Exchanging files between groups of workers on the same project team, and working within the same project room; relaying media files to wireless speakers and displays; sending photos from a smartphone to a tablet computer or printers will likely all increasingly be undertaken using short range wireless technologies.
Web bypass will not just take data traffic off the Web: it will also catalyze the flow of data between devices in close proximity. Video files that are generally too large to send via even the most generous of e-mail services will now be sent between devices when they are within close proximity.
To meet this demand, a growing number of wireless technologies are likely to be promoted. Iterations of Bluetooth, wireless USB and further proprietary technologies are all being launched226.
But the biggest supply shock may simply be the ultimate disruptor – ease of use. Multiple short range technologies are becoming increasingly available, and they all have different capabilities in terms of power consumption, power up time and data transmission speeds. The short-range wireless technology that ends up becoming dominant may well be that which offers the best user interface, rather than the one with the best technology.
Networks offering high utility will always tend to become congested. As bottlenecks approach there are two solutions. One is to increase capacity, the other is to smooth or lower throughput. The capacity of public and private wireless networks, such as cellular mobile and Wi-Fi will keep expanding. But demand for data capacity appears to be growing at a faster pace – it may prove hard to build a network, based on a single technology that can cope with a doubling in demand every year – and still make money227.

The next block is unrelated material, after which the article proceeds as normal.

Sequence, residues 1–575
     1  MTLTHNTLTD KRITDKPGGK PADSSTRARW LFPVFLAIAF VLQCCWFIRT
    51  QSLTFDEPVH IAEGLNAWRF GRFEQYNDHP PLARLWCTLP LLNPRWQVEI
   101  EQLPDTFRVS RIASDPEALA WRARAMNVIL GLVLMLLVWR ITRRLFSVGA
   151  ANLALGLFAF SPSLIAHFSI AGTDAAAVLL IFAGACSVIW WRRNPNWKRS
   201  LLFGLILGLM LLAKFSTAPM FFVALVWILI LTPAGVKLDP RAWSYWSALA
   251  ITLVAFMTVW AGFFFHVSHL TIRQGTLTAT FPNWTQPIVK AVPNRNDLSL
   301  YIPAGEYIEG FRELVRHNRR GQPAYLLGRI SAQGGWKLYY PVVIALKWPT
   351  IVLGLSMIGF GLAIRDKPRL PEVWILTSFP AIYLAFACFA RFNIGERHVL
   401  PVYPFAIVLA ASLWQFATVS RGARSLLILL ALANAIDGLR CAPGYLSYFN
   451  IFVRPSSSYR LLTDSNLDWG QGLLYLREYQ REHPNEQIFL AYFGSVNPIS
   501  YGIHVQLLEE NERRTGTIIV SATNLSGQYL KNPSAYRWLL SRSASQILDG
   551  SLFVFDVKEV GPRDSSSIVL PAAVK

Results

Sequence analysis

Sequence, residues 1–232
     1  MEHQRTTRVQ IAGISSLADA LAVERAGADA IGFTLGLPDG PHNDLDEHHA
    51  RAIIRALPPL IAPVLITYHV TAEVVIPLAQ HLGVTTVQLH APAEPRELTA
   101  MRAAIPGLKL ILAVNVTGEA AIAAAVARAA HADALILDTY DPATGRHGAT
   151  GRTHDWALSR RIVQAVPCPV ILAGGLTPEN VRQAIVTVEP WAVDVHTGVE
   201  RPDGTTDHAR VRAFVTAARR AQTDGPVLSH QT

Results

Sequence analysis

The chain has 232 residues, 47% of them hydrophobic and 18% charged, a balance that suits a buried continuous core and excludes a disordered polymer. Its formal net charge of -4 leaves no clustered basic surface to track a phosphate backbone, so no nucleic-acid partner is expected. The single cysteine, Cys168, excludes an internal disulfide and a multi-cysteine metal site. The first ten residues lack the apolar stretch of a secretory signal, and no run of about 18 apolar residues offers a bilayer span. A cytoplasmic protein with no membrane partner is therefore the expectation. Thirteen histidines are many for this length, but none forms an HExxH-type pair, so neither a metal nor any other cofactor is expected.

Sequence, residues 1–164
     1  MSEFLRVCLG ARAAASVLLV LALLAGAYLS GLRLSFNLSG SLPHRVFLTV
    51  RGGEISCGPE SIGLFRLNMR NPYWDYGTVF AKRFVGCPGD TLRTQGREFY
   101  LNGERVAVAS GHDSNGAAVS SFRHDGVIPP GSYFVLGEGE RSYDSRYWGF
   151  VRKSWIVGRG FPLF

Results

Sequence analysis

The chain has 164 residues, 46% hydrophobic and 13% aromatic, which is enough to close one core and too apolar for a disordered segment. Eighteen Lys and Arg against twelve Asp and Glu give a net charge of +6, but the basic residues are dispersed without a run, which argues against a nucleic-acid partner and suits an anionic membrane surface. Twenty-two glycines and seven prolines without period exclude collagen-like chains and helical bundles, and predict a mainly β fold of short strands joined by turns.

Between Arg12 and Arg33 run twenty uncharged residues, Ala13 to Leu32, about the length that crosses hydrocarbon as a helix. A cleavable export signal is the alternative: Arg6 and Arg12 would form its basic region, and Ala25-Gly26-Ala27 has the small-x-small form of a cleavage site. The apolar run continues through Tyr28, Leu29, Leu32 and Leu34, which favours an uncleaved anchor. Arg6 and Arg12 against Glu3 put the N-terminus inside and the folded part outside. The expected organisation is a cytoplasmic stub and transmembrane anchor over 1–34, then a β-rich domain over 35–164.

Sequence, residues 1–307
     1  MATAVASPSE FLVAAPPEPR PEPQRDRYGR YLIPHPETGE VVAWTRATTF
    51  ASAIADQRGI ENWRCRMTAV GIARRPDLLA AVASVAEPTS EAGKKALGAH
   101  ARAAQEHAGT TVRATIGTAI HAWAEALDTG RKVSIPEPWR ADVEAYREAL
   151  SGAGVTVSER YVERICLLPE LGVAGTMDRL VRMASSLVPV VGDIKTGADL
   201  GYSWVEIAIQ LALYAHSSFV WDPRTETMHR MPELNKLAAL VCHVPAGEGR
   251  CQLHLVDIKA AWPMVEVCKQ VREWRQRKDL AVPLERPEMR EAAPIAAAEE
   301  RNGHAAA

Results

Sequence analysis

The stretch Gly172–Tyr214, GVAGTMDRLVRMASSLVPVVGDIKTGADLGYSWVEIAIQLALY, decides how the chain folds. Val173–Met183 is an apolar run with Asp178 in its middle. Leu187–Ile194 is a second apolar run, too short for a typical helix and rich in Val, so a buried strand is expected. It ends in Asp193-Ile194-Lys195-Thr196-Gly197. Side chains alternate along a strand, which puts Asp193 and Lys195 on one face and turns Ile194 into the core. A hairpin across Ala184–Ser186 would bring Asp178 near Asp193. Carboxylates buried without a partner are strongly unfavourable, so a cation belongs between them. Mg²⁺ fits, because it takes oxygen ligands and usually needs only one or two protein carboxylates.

Fortunately connectivity needs vary and so do network technologies. It is not optimal to use the same network technology for all communication needs. It is making less and less sense, for example, to use the Web as the default network for exchanging data between devices that are within close physical proximity.
Network operators should therefore consider Web bypass as a third approach to delivering wireless connectivity, in addition to cellular mobile and fixed broadband connected Wi-Fi. Operator differentiation is likely to become dependent on their ability to offer their customers an appropriate range of network technologies, and to manage most, if not all of the network deployment and network selection challenges. The network operator is becoming more and more a networks provider, and their value add will be in simplifying the underlying complexity of multiple co-existing network technologies.
Device vendors should evaluate all available short-range wireless connectivity options and determine which individual or multiple technologies to incorporate and promote. Battery usage and throughput may be key factors. Device vendors should also include software that determines which network technology is best to use for each type of communication, be this an e-mail or a video.
Short range wireless technology vendors are likely to need to work with device vendors, chipset vendors, app developers and other entities to ensure that their technology attains critical mass. But they should also note that there is likely to be room for more than one provider in this space.
Deloitte Canada, as referenced in videos, podcasts, or online materials related to TMT Predictions 2012, refers to Deloitte & Touche LLP, the Canadian member firm of Deloitte Touche Tohmatsu Limited.